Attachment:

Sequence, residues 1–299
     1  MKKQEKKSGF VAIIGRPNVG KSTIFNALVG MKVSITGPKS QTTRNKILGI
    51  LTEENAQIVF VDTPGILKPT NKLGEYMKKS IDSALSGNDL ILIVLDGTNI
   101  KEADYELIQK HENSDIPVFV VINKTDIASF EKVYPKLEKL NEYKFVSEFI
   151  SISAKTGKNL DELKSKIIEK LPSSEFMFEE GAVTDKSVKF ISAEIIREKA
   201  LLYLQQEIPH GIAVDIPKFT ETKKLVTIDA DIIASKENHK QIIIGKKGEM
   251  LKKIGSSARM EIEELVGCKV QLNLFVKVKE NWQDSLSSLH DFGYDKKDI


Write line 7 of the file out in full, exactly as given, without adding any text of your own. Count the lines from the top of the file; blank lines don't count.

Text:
   251  LKKIGSSARM EIEELVGCKV QLNLFVKVKE NWQDSLSSLH DFGYDKKDI